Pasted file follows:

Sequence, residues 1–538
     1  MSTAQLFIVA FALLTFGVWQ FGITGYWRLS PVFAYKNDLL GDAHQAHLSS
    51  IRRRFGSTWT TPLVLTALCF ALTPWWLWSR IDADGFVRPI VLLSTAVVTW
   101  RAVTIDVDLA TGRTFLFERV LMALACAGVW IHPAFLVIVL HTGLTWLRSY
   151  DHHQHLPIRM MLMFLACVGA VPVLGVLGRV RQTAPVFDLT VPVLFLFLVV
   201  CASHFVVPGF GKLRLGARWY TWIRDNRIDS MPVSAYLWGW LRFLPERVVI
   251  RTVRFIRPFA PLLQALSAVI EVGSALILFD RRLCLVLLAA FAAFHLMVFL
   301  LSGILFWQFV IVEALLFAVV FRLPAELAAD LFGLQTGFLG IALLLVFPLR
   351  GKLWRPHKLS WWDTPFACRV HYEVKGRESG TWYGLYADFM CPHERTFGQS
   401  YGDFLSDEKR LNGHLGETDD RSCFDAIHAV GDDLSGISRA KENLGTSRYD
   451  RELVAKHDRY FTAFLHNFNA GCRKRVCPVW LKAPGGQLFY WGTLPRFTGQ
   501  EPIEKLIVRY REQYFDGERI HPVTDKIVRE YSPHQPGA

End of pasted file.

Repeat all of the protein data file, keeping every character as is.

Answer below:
Sequence, residues 1–538
     1  MSTAQLFIVA FALLTFGVWQ FGITGYWRLS PVFAYKNDLL GDAHQAHLSS
    51  IRRRFGSTWT TPLVLTALCF ALTPWWLWSR IDADGFVRPI VLLSTAVVTW
   101  RAVTIDVDLA TGRTFLFERV LMALACAGVW IHPAFLVIVL HTGLTWLRSY
   151  DHHQHLPIRM MLMFLACVGA VPVLGVLGRV RQTAPVFDLT VPVLFLFLVV
   201  CASHFVVPGF GKLRLGARWY TWIRDNRIDS MPVSAYLWGW LRFLPERVVI
   251  RTVRFIRPFA PLLQALSAVI EVGSALILFD RRLCLVLLAA FAAFHLMVFL
   301  LSGILFWQFV IVEALLFAVV FRLPAELAAD LFGLQTGFLG IALLLVFPLR
   351  GKLWRPHKLS WWDTPFACRV HYEVKGRESG TWYGLYADFM CPHERTFGQS
   401  YGDFLSDEKR LNGHLGETDD RSCFDAIHAV GDDLSGISRA KENLGTSRYD
   451  RELVAKHDRY FTAFLHNFNA GCRKRVCPVW LKAPGGQLFY WGTLPRFTGQ
   501  EPIEKLIVRY REQYFDGERI HPVTDKIVRE YSPHQPGA